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Harry Cassin Publisher and Editor

Andy Spalding Senior Editor

Jessica Tillipman Senior Editor

Richard L. Cassin Editor at Large

Elizabeth K. Spahn Editor Emeritus 

Cody Worthington Contributing Editor

Julie DiMauro Contributing Editor

Thomas Fox Contributing Editor

Marc Alain Bohn Contributing Editor

Bill Waite Contributing Editor

Shruti J. Shah Contributing Editor

Russell A. Stamets Contributing Editor

Richard Bistrong Contributing Editor 

Eric Carlson Contributing Editor

Bill Steinman Contributing Editor

Aarti Maharaj Contributing Editor


FCPA Blog Daily News

« Job: Senior Compliance Officer (Tokyo) | Main | Good ethics is good business »
Monday
Jul082013

Andy Murray wins (you can too)

His Wimbledon win Sunday broke the 77-year drought for U.K. men at the Championships. As sporting victories go, it's up there with the Red Sox overcoming the 86-year-old Curse of the Bambino.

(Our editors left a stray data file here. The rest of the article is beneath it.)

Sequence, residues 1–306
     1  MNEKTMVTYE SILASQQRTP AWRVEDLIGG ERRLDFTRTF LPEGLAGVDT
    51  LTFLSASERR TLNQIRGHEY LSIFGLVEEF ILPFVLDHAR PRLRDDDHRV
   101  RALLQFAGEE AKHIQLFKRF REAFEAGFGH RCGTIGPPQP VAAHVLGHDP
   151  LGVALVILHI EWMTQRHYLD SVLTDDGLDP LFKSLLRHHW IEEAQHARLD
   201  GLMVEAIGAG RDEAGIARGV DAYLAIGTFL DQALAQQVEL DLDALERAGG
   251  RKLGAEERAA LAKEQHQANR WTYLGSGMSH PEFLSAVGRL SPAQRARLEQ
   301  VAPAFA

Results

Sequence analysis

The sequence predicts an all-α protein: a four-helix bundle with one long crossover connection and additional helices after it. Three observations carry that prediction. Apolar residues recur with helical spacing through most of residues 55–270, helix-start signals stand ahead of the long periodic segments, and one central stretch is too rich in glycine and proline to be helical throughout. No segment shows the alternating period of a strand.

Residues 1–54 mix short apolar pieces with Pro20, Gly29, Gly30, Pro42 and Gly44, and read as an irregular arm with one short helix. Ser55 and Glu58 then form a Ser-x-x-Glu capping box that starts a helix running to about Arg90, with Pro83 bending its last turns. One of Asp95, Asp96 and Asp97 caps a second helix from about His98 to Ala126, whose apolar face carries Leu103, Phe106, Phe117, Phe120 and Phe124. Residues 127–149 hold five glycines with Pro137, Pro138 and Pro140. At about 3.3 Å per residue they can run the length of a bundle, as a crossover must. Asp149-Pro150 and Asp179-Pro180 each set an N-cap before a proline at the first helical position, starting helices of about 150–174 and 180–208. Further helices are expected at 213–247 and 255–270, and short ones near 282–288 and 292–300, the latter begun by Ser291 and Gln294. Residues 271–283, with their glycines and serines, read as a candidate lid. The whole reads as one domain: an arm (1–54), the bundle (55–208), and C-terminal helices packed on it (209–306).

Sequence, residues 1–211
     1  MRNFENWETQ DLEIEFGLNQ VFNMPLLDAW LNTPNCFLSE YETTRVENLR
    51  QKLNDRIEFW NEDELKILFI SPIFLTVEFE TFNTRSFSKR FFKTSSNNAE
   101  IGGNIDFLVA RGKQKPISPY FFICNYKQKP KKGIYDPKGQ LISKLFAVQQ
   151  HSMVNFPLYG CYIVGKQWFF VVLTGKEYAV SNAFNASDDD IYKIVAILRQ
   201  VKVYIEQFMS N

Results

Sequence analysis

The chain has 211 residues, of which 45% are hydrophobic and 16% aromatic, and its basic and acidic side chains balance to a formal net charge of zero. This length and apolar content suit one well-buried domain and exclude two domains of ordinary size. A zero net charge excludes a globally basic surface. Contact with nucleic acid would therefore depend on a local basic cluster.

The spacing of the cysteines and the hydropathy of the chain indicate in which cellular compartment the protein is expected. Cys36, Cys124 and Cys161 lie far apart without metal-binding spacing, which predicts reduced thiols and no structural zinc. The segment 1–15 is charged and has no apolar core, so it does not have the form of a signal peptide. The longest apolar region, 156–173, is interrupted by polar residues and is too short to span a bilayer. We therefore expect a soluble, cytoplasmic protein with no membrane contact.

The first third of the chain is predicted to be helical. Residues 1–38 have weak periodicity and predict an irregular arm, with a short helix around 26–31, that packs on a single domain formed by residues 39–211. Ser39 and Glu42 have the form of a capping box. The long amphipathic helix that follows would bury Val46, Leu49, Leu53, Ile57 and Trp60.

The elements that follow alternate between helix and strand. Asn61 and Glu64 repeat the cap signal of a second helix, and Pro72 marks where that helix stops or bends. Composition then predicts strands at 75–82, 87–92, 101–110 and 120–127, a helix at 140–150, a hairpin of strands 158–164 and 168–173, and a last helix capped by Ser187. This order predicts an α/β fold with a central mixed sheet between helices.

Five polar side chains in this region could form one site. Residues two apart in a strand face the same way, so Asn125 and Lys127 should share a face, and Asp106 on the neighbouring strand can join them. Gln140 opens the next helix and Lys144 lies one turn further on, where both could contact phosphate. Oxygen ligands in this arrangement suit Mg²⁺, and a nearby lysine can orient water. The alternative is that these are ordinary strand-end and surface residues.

Andy Murray is a no frills champ with all the great virtues.

He trains hard. He doesn't quit when his hands blister or his muscles cramp. There's no stopping the guy.

He's not afraid to try new things. He moved from his native
Scotland to subtropical Miami to get into tournament shape. He added hot yoga to his physical regimen and adopted a sushi-based diet.

He welcomes experts who can help him. His coaches have included Brad Gilbert and most recently Ivan Lendl. As they say, when the student is ready, the teacher will appear. Evidently Murray is still humble enough to be a great student.

He learns from mistakes and disappointments. Murray lost the first four major finals he appeared in, including last year's at Wimbledon. He used that defeat to change his attitude. It worked. He has since won gold at the Olympics, a U.S. Open title, and now Wimbledon itself.

How is any of that relevant to compliance?

To be successful, compliance leaders need all the great virtues. Dr. Henry Wong talks about that weekly. Murray displays them constantly. An honest effort, great self knowledge, and humility.

That sounds simple enough but it never is.